These are only the books I’ve finished. I’m still making my way through The Immortal Life of Henrietta Lacks. I enjoyed Rain Is Not My Indian Name but not as much as I hoped I would. I wrote up some thoughts on my booklikes page. Over the weekend I’m going to concentrate on finishing The Immortal Life of Henrietta Lacks and maybe start Americanah by Chimamanda Ngozi Adichie.


Still trucking through The Immortal Life of Henrietta Lacks.


Number of books I’ve read today: 1
Total number of books I’ve read: 3
Books: Seconds by Bryan Lee O’Malley, Rain Is Not My Indian Name by Cynthia Leitich Smith, The Immortal Life of Henrietta Lacks by Rebecca Skloot

I just finished The Immortal Life of Henrietta Lacks (close enough, I haven’t finished the afterword, but I’ll finish it tomorrow. I can’t even rate the book right now because booklikes is down).

I didn’t enjoy this readathon as much as I though I would. Last time I did a week-long readathon I was reading all the time, and it felt like a readathon. This time around it just felt like I was updating everyone on my reading habits over a week (which it was seeing how I didn’t really have time to actively participate).

I might try Bout of Books again, we’ll see. If I do, I’m going to update at the end of the day. I found this update yesterday’s readings today to be confusing. I’d rather just wrap up my reading for each day and move on.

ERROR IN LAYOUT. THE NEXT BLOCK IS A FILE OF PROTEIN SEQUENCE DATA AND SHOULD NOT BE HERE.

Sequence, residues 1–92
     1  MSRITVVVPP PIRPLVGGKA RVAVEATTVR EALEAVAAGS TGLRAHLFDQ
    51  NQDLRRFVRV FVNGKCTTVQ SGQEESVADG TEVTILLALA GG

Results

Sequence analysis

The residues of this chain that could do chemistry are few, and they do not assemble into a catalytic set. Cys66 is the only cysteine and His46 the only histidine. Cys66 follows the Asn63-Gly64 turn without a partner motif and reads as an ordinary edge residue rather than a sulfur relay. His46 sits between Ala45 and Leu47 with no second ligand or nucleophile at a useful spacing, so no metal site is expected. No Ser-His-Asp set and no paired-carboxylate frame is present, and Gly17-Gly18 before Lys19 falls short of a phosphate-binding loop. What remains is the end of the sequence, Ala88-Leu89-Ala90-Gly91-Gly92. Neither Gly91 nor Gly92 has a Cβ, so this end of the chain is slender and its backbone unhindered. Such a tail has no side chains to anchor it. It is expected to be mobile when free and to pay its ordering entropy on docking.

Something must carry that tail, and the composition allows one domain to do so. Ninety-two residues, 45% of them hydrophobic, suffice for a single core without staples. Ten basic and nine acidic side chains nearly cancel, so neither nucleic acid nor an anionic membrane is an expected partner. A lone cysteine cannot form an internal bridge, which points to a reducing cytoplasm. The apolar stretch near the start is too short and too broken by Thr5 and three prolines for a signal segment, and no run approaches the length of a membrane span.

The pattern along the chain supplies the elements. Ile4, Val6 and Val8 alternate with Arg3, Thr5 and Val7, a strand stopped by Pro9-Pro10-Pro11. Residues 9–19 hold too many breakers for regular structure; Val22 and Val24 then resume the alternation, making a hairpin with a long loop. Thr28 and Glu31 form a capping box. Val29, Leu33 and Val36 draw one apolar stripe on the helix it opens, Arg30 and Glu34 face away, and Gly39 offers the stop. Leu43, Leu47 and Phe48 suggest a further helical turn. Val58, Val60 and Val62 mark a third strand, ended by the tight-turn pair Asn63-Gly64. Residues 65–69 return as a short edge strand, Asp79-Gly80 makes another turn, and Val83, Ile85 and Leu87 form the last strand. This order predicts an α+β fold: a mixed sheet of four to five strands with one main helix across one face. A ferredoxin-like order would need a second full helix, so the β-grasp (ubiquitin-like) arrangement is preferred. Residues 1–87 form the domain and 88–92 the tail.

All in all, I like that this readathon is so relaxed. There is zero pressure, and I did end up meeting my goal of reading three books.

Hope everyone else participating had fun too.

Reading Revelations

The more I think about books and what I read the more I learn about myself. For instance: I went through a phase when I was younger where I thought I liked fantasy. I don’t.

Then a couple of years ago I went through another phase where I thought it was normal to dislike most books I read in a year. It’s not.

Once I realized these things, I made a change in my reading. I gave up all those fantasy novels I never finished (and in most cases never started). I gave up books about and by white people (aka the books I wasn’t enjoying) in favor of books about and by people of color. My reading enjoyment went up in both cases.

I’ve had another reading revelation lately: I don’t like YA.

Now, I’m not one of those people who thinks that only teens should read YA, but I’m also not one of those people who goes around shouting, “I love YA!” and feels the need to justify reading it.

Do I like some YA books/authors? Yes. But I also like some fantasy books and some white authors.

Accepting that I don’t like YA has been a little difficult. I used to write for a YA blog. But thinking back on that time I read very few books that I actually enjoyed. When I go to a bookstore, I spend hardly any time in the YA section. I mostly look at the new book section to see if an author I like has published a new book (because I don’t actually keep up with what’s being published) and roll my eyes at the suggested book section (especially if the entire thing is based around Books to Read if You Like John Green).

So I think it’s time that I let go of the identity of a YA reader. I will still read YA (I currently have three YA books on hold at the library). I still like (some) YA, but I like MG reads way better. I like “adult” fiction better than YA. I might even like nonfiction better than YA, and I don’t think of myself as a nonfiction reader AT ALL.